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May 8, 2013

Movie Review: Baron Blood (1972, aka Gli orrori del castello di Norimberga)

Directed by Mario Bava

Movie Review by Greg Goodsell

Well-heeled, if vapid American college student Peter Kleist (Antonio Cantafore) flies to Vienna, Austria to take a break from his college studies and to look up his family's history. He's there to research his great-grandfather, Baron Otto Von Kleist, known in hushed whispers as “Baron Blood.” It seems that his great grandpa was a wealthy, sadistic SOB who tortured and killed the surrounding villagers at his castle, before a witch placed a curse on him and he was set on fire by the local peons. Meeting with Herr Dortmund (Dieter Tressler) the entrepreneur responsible for the current hotel project, Peter becomes smitten with Dortmundt's beautiful assistant Eva (fetching Frau Elke Sommer, capering about in micro-miniskirts and plunging necklines). During the course of a slow evening, Peter and Eva hightail it to the castle to read an ancient parchment intended to bring the notorious Baron back to life. They do so, and the Baron comes back to life and starts killing people anew. Now, how will they set things right after playing their ill-advised party game?

Re-watching this film so soon after the death of director Jesus Franco, who died last month at the age of 82, I was reminded how Mario Bava was one of the few directors who could get away with a zoom lens. A most hated camera move, as it cannot replicate the human eye, Bava was zoom-happy at this stage of his career. He did it so well, however, we could forgive him for its overuse. Bava always took great care to properly light and focus a scene, and so his zooms, always smoothly executed, were never intrusive. Quite unlike Franco, whose camera was frequently out of focus, indifferently lit and ragged. Those who think all of his films are worthy of study escape my comprehension. This reviewer hopes he hasn't stepped on any toes!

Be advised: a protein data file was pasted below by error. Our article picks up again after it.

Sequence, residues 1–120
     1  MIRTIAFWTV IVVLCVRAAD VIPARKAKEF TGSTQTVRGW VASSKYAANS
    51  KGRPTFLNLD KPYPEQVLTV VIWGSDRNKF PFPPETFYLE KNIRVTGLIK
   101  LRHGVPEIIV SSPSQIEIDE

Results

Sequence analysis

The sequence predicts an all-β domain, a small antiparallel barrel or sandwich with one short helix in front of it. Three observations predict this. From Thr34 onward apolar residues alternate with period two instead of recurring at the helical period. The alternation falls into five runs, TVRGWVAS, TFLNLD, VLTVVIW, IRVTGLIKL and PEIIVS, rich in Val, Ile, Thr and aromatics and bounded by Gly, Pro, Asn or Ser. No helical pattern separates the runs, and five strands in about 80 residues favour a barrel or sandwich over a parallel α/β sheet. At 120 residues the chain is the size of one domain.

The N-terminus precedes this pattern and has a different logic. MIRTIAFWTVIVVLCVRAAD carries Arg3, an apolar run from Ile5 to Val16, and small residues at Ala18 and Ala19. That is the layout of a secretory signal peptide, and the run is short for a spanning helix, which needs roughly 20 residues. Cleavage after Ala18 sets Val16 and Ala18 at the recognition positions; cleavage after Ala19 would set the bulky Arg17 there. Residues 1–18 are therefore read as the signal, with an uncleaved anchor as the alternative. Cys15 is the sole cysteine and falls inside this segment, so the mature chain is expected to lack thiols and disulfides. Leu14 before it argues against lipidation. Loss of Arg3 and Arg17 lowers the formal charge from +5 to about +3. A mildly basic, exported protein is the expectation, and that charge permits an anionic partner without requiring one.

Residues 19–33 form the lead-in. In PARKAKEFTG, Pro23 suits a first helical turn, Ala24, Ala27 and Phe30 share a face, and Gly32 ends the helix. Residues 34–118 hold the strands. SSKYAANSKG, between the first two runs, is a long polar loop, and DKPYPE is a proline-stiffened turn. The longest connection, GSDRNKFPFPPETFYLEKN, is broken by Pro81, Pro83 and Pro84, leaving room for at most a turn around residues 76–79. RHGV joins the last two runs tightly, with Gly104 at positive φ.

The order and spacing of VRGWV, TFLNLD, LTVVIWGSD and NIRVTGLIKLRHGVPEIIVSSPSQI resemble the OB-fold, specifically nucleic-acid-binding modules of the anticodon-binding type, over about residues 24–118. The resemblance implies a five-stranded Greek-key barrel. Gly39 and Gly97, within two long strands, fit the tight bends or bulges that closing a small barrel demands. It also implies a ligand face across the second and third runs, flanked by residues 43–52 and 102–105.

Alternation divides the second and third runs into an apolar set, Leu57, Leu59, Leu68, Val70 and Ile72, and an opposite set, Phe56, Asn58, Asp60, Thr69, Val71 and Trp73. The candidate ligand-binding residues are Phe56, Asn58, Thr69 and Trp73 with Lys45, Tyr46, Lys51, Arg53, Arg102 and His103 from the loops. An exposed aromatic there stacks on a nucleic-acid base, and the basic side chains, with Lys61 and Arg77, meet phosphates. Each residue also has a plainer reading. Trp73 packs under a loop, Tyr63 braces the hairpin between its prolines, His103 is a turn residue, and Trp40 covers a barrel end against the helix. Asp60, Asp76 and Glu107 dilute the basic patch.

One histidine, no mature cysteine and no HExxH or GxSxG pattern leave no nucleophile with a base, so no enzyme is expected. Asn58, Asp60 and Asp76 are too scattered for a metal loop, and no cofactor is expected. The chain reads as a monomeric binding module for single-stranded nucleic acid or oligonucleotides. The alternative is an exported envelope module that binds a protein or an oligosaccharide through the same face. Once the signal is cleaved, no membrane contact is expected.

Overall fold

No one will mistake Baron Blood for a terrific movie. It's definitely lower case Bava, rather mild with long, dull stretches. There is also unintentional humor to be had. Immediately being brought back to life, the shuffling Baron, a mass of rotting and burned flesh dressed in a slouch hat and vampire hat barges in to the office of a local general practitioner in the middle of the night, who finds nothing out of the ordinary. Natch, after he treats him, the Baron kills the kindly doc with a spare scalpel. Second-billed Joseph Cotton turns up late in the film. Skittering about in a wheelchair, Cotton seems to be channeling Vincent Price in many scenes.

On the plus side, many of the scenes are impeccably shot and lit, and are highly atmospheric in only the way Mario Bava could make them. All the eye candy goes for naught, as the truly lousy script has the titular monster dropping out of the action for long stretches. This type of Gothic hokum would soon become hopelessly dated with the arrival of The Exorcist in 1973, but it's interesting that the Middle European setting coupled with the plentiful torture devices would be ridden later to popular acclaim with Eli Roth's Hostel series. Nicoletta Elmi, the young red-headed girl who would appear in countless European horror films during this time – Bava's A Bay of Blood, Andy Warhol's Frankenstein, Who Saw Her Die?, Deep Red – and go on to a spectacular adult turn as the high-fashion ticket taker in Lamberto Bava's Demons, is given very little to do here.

Cheezy Flicks does an admirable job with this public domain title. There are chapter stops, a halfway decent transfer, the film's original English-language trailer, an “About Us” disclaimer, and actually come up with an Easter Egg for this disc. Click on the curlicue on the DVD's main title, and you will get an 8 mm, black and white version of Hammer Studio's Frankenstein Must be Destroyed! Running in total silence and lasting less than three minutes, far less than the usual eight minutes given to these relics in the days before home video, it comes as a most welcome surprise. Cheezy Flicks, didn't HAVE to include this, but did anyway, for the faithful customer who plunked down money for this disc.

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